Celebrating Fifty by Pam Durso

Fifty years ago, on November 30, 1961, I was born. So yes, today is my fiftieth birthday. In some ways, the number fifty shocks me. I can’t believe I have really been around that long. I feel so much younger than what I thought fifty would feel like, and some days I still don’t feel like a grown up.

But in other, more important ways, fifty thrills me.  I have lived for fifty years, and I have lived well for fifty years. I have fulfilled my dream of teaching and have had the blessing of teaching in two fine Baptist seminaries. I have had opportunity to know, love, and be loved by students. I have been published. Books and articles that I have written have actually been read (well, I am hoping some people read my books). Plus, I absolutely and completely love the work I do! I get out of bed every day excited about the possibilities of the day!

I have been to places I never thought I would see and fallen in love with traveling. I have had conversations with some of my Baptist heroes. I had multiple phone conversations with two pioneering Baptist women, Addie Davis and Ella Mitchell–before their deaths. I once had lunch with Leena Lavanya, our Baptist Mother Teresa who works for peace and justice in India. And just a few weeks ago, I met Jimmy and Rosalynn Carter.

In my fifty years, I have been connected with churches that have loved and cared for me, including my current church, Cornerstone Church in Grayson. I have also had a whole host of friends who have walked alongside me, friends who suffered through graduate school with me and who I now “talk to” on facebook. I have friends who have shared meals and wisdom with me; friends who have climbed mountains with me; and friends who have told their stories to me and listened to my stories.

At fifty, I am very much aware of the precious gift that is family. Parents and sisters, aunts and nieces, brother-in-laws and nephews–family becomes more and more important the older I get. And I have also have my a husband and two teenage children, who keep me sane and drive me crazy all at the same time. They have taught me and continue to teach me about trust and hope, kindness and forgiveness.

But perhaps most importantly, on this my fiftieth birthday, I remember that I have had a fifty-year faith journey. I was born into a family of strong faith–and my earliest memories are of a God who loved me unconditionally and who welcomed me into relationship.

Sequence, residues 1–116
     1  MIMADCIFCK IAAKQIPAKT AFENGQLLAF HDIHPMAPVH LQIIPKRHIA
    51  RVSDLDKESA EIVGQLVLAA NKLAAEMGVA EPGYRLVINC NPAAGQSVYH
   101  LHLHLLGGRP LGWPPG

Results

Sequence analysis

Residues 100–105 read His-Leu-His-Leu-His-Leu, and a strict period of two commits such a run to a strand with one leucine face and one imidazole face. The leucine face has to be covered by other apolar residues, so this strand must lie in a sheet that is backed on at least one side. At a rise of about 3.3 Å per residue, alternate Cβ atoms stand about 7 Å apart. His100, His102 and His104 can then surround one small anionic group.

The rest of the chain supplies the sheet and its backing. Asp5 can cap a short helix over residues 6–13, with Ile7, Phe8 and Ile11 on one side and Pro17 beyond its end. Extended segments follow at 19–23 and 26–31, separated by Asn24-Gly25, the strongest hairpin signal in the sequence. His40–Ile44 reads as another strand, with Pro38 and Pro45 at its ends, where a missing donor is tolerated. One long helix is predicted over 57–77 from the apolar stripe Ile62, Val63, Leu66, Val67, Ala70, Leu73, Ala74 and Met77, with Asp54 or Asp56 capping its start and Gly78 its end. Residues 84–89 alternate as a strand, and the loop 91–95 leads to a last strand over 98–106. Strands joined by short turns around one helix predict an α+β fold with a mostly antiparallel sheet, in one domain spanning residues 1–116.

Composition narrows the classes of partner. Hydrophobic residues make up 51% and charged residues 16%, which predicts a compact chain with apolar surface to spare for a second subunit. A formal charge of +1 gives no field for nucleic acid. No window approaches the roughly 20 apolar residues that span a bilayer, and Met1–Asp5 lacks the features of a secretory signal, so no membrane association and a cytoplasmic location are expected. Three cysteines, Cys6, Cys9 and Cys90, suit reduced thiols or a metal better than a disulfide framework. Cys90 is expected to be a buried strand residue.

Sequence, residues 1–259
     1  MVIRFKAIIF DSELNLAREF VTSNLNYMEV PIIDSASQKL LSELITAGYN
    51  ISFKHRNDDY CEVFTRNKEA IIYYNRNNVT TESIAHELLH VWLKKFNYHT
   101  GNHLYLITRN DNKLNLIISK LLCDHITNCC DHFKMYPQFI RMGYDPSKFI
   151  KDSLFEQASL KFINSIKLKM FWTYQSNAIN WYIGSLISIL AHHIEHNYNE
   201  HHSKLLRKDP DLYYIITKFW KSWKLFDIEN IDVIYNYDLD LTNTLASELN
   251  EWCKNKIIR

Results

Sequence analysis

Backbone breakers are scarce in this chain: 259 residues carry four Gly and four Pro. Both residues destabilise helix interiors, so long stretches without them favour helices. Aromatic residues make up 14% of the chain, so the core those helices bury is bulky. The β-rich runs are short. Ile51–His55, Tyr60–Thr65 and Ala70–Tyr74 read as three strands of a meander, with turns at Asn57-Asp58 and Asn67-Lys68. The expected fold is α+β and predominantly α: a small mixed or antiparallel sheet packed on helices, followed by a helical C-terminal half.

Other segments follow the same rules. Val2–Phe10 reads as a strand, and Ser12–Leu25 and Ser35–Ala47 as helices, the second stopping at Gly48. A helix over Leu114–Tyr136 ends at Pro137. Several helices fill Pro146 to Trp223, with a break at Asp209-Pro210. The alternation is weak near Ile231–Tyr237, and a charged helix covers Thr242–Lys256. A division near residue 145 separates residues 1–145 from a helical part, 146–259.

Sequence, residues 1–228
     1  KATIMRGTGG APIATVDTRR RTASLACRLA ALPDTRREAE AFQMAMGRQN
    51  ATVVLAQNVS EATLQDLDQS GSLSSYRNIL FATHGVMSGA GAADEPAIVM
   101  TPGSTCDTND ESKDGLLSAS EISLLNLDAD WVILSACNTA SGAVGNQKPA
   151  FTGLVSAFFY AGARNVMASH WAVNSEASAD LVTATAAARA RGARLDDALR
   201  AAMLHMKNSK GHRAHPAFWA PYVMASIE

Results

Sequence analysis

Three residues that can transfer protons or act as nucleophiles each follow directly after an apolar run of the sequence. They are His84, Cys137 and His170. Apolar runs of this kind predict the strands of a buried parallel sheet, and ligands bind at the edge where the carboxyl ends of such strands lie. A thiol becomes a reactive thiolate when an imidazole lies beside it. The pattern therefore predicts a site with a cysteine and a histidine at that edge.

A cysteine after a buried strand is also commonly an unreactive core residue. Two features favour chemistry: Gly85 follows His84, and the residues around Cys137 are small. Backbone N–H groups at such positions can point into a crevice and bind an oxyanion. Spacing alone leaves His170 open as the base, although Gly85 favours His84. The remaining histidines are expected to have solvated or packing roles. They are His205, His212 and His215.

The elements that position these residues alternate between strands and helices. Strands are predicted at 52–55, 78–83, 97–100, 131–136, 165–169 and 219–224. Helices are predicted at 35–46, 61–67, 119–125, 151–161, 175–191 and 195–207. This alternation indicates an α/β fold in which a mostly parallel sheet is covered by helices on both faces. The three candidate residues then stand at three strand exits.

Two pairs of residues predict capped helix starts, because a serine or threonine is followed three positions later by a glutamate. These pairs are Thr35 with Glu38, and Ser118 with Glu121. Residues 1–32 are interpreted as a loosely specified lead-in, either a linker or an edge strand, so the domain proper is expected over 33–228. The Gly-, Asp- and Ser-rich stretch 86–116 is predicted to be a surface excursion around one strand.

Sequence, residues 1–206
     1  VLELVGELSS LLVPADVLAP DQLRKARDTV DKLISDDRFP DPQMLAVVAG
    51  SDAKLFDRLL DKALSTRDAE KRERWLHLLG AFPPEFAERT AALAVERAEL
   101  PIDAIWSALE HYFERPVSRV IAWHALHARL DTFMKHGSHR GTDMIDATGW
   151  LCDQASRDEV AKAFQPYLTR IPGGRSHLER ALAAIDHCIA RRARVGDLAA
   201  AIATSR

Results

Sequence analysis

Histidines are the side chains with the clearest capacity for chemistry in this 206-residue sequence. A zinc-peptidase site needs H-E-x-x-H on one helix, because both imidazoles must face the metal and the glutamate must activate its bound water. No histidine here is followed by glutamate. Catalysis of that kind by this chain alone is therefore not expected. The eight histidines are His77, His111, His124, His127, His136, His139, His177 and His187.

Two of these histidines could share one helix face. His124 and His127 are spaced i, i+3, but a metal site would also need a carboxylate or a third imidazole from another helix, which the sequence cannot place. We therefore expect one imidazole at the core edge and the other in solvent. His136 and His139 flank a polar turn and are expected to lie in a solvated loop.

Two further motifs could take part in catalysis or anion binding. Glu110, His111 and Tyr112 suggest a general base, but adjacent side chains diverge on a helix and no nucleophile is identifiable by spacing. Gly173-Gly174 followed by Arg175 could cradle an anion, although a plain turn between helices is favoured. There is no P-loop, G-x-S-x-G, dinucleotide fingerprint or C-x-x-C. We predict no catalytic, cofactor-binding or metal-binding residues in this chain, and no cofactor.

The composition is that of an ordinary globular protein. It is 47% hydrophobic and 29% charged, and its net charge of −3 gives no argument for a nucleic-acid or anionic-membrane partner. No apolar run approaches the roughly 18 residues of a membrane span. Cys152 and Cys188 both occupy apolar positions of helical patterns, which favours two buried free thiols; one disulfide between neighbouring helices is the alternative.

Looking back at fifty years, my strongest feeling is of gratitude. I am thankful for family and friends, for communities of love and support, and for opportunities of service and ministry. I am thankful to God for fifty years! And today, on November 30, 2011, I am celebrating fifty!

Pam Durso is executive director of Baptist Women in Ministry, Atlanta, Georgia.



Expecting by Kim Mason

Last Christmas we were expecting our first child, and it was hard not to put myself in Mary’s shoes. There was a new dimension of meaning for the season that can only come when you are expecting. What will he look like? Will he have my eyes or Nathan’s nose? How big will he be? What will his personality be like? Will he be healthy? I hoped he would get Nathan’s patience and I hoped he wouldn’t get my feet!

Our world was changed last year, and Luke hadn’t even been born yet. How we looked at the world somehow changed with the expectation of the child we would soon bring into our family. We weren’t just expecting a baby. We were expecting the responsibility that was to come. We were expecting the intense and immediate love that we were told we would feel at the first sight of our son. We were expecting our lives to change for the better because Luke entered our world.

It’s the same way with Christ. We’re expecting more than just a baby. We’re expecting the love that comes from knowing him. We’re expecting the responsibility that comes from a relationship with him. We’re expecting our lives to change for the better.

• What are you expecting this season?

• How are you expecting the birth Christ to enrich your life?

Kim Mason lives in Jasper, Georgia. She is married to Nathan and mother to Luke. She previously served as a children’s minister and now is a stay-at-home mom. Her Advent Devotions for 2011 can be found on the facebook page and the website of Heritage Baptist Fellowship, Canton, Georgia.